History and Theory of Architecture and Climate
Wednesday 9:00 - 11:50 AM
Climate change is upon us. This course discusses the history of thinking about climate in architecture. We confront the geographic and epistemic challenges of climate change and other environmental threats, and reimagine the forces seen to condition the development of modern architecture. This course will explore the history of buildings as mechanisms of climate management, and the theoretical and conceptual frameworks that pertain.
As many of the arguments and innovations in the climate discourse were made through visual means, the images produced by architects and others interested in understanding the relationship between “man” and “climate” will be a central arena of exploration. We will treat these images as evidence of material innovations in energy efficient architectural design technologies and also as evidence of new ways of thinking about ecological, political, cultural, and economic concerns.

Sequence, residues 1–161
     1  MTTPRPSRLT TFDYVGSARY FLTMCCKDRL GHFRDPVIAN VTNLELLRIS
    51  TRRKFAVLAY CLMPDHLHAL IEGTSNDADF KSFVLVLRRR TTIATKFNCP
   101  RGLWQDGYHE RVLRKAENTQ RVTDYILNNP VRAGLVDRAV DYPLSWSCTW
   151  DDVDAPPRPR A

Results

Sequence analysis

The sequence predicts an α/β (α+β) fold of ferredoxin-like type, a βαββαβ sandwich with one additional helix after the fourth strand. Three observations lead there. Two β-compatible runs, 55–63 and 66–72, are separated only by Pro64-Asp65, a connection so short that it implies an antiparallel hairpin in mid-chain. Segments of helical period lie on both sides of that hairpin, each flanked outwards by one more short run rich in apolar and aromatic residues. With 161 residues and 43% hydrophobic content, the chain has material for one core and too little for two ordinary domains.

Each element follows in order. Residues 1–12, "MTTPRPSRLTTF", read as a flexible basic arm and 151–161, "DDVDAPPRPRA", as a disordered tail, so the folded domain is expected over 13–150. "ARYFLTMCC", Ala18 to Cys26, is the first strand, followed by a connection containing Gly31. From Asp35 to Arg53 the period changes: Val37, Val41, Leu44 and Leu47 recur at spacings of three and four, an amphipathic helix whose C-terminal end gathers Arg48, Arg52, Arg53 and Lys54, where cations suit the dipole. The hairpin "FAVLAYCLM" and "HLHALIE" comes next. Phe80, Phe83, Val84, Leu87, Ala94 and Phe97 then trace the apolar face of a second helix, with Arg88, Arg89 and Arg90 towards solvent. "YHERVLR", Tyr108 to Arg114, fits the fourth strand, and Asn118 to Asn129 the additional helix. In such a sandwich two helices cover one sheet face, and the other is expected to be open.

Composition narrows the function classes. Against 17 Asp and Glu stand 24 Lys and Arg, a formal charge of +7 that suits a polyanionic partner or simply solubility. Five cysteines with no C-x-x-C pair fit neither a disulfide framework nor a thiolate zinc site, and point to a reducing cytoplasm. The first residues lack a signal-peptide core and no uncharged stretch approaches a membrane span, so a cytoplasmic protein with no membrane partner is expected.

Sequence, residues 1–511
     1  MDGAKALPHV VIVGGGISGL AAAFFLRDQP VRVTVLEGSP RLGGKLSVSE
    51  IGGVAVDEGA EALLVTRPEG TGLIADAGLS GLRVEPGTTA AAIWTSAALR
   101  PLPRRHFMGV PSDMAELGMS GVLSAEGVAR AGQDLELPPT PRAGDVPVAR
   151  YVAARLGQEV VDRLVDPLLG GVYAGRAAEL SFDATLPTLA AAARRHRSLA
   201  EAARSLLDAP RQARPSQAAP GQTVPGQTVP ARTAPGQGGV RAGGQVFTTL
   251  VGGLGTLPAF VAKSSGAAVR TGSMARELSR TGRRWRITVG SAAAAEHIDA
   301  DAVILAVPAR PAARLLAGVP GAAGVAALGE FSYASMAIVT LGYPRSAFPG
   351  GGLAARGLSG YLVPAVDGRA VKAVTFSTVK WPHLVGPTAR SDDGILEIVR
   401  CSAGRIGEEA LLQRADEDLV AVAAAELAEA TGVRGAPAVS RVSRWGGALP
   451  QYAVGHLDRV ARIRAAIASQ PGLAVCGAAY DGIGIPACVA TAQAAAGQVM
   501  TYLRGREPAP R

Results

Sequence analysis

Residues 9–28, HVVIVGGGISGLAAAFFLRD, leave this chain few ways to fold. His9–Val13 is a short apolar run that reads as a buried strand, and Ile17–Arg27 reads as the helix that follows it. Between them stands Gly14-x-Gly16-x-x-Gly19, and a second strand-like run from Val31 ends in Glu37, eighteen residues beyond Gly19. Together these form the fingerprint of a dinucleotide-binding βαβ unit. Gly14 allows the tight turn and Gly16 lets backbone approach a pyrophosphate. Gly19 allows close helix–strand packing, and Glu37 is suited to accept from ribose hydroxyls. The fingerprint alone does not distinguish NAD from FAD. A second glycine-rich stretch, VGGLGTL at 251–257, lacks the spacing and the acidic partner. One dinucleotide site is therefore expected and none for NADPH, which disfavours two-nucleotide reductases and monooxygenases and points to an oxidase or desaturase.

These narratives, images, and methods – and the broader understanding of environmental systems that emerged since the immediate post-war period – also suggest a complex relationship to the present. Rather than examine instrumental aspects of these methods and their histories, we will explore different historiographic and conceptual means for the archival analysis of climate, technology, and architecture. Recent texts concerned with theories of historical change, of new ideas about the human, and with the cultural anxieties associated with the Anthropocene will be read closely to this end.
Students will be expected to participate in class discussions, make a seminar presentation, and develop a semester-long research project.